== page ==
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Birch: Properties, Uses, And Contraindications

Birch is a plant widely used in herbal medicine, especially for its diuretic and purifying properties: it helps in the case of cellulite, is helpful as a remedy against cystitis, and relieves the symptoms of premenstrual syndrome. But let’s find out more about the properties of birch, how to use it and if there are any contraindications.

Birch is a plant belonging to the Betulaceae family. It is a widespread tree in Italy, with an unmistakable light trunk. Birch is widely used as a natural remedy for its healing properties, especially the Betula pendula, also known as white birch, but   Betula pubescens or hairy birch. It is used in herbal medicine for its diuretic and purifying properties: it helps in the case of cellulite. It is helpful as a remedy against cystitis and relieves the symptoms of PMS. But let’s find out more about the properties of birch, how to use it and if there are any contraindications.

Healing Properties Of Birch

In phytotherapy, birch is used above all for its diuretic and purifying properties: its leaves contain flavonoids, vitamin C, chlorogenic and caffeic acid, resins, and essential oils. Thanks to the stimulation of diuresis, birch leaves help eliminate excess fluids and substances accumulated in the body, including uric acids that can cause gout and rheumatism. All these qualities mean that birch is used in herbal medicine to treat water retention and hypertension. The diuretic action of the plant also acts as a prevention for gravel and urinary tract diseases, such as cystitis. Birch has therefore considered an excellent remedy against cellulite: thanks to its diuretic action, it helps to eliminate orange peel skin.

To be helpful in this sense is above all the birch sap, from which the bud derivative is extracted: it eliminates the liquids stagnated in the tissues and reduces the painful component linked to cellulite. Birch also has an anti-inflammatory action: it is used in the most common infections thanks to its antiseptic properties, and during the winter, it helps fight coughs and sore throats. Birch is also used to counteract  PMS, and it is recommended for the health of the heart, veins, and arteries, as it stimulates the production of good HDL cholesterol, balancing the bad LDL. Furthermore, birch stimulates microcirculation with benefits for swelling and muscle pain, preventing the appearance of capillaries and varicose veins on the legs.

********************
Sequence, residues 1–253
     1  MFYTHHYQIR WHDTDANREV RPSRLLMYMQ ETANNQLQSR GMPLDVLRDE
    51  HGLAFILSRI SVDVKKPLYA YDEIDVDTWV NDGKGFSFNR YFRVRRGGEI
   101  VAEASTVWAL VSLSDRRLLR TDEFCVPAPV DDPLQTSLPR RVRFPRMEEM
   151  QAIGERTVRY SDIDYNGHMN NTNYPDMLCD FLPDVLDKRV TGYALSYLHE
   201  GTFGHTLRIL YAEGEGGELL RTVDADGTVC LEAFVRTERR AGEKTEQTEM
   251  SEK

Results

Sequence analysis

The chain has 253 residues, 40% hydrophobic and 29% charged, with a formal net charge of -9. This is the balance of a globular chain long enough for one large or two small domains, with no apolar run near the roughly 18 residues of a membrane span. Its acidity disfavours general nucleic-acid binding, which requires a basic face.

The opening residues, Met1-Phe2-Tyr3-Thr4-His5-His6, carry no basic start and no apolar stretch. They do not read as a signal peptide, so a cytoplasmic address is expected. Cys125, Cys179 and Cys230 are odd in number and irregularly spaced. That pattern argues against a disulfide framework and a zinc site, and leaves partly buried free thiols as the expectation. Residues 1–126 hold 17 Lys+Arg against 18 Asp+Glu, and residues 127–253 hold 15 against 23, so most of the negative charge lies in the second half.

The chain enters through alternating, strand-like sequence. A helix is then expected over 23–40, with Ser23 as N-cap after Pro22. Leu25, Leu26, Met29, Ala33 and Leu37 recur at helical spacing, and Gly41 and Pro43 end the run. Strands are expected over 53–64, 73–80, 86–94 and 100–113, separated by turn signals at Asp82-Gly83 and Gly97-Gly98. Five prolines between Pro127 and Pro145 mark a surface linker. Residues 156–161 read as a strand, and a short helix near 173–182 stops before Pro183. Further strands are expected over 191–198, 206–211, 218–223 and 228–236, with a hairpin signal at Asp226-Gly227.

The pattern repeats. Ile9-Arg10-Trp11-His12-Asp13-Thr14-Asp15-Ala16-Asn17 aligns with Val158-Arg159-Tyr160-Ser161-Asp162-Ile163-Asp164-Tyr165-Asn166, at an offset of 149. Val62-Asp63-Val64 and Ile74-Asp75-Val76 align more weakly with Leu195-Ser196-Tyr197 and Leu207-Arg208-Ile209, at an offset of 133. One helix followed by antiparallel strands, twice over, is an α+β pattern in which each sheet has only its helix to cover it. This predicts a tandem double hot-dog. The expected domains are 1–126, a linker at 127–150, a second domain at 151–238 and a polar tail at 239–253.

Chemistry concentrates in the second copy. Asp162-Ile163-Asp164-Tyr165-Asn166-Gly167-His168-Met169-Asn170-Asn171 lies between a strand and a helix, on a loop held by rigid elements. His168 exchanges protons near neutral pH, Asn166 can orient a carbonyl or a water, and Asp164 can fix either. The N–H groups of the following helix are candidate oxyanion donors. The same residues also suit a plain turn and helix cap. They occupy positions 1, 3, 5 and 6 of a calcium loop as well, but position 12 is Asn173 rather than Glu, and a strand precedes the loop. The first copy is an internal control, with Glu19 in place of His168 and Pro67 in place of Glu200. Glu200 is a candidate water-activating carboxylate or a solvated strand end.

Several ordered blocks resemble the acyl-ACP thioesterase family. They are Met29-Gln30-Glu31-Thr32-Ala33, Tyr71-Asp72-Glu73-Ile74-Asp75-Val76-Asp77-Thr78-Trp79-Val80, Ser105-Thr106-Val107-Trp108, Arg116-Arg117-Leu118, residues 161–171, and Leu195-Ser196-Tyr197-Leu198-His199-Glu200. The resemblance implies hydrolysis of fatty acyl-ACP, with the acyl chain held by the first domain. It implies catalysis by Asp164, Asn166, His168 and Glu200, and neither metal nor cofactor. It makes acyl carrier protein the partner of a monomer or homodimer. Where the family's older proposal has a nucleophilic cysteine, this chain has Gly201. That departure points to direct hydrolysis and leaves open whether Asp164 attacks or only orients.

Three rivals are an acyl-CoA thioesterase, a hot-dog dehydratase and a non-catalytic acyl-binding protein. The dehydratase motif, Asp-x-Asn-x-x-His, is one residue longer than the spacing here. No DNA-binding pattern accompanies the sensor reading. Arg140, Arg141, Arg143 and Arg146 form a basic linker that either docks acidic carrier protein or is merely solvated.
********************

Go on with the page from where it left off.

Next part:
How To Use Birch

Birch is usually taken through infusions or decoctions of its fresh or dried parts, which can be purchased in herbalist’s shops and specialized stores. To take advantage of this plant’s diuretic and purifying action, you can prepare birch herbal tea, which helps combat cellulite. To prepare it, pour one tablespoon of birch leaves into 1 cup of boiling water. Cover, leave to infuse for 10 minutes, filter and drink. The advice is to drink 2 cups a day between meals. Alternatively, it is possible to use the birch bud extract to be taken in drops: the daily dose can vary from 30 to 50 drops 2-3 times a day. Before any use, however, a doctor’s opinion is always recommended, especially if you are taking medications.

For external use, birch can be used in oil, helpful in fighting acne, psoriasis, or eczema: it must be massaged into the affected areas several times a day after asking the dermatologist’s opinion. However, to strengthen the hair and combat dandruff, you can dilute a few drops of birch essential oil in your usual shampoo or use it diluted with a vegetable carrier oil, such as almond oil combat dry skin and dermatitis.


The intake of birch is contraindicated in case of allergy to pollen, celery, and aspirin, due to salicylates. It also cannot be taken in case of heart and kidney failure and hypersensitivity to some components. Salicylates could also pass through breast milk, with the possibility of allergic reactions in the newborn, so it is advisable not to take birch during pregnancy and breastfeeding. It is also essential to consult your doctor if you are taking diuretics, anticoagulants, barbiturates, hypotensive drugs, and, in general, following drug treatment.


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